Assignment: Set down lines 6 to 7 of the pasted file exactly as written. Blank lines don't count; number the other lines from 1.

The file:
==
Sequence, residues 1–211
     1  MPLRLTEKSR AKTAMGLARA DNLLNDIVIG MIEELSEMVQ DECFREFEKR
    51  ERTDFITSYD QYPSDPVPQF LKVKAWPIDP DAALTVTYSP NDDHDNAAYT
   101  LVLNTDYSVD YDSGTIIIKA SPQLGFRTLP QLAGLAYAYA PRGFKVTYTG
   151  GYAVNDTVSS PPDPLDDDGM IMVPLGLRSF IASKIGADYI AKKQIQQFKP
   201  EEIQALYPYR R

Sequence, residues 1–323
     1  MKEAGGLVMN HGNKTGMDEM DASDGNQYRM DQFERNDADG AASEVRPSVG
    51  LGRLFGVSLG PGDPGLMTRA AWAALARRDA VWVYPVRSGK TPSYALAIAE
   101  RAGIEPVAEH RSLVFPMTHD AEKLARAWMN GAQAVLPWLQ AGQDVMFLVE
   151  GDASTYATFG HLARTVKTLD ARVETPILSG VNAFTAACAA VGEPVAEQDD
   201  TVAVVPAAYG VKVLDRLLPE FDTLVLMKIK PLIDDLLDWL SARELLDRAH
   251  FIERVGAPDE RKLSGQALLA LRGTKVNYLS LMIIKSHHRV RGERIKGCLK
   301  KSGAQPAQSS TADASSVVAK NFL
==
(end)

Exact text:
   201  EEIQALYPYR R

Sequence, residues 1–323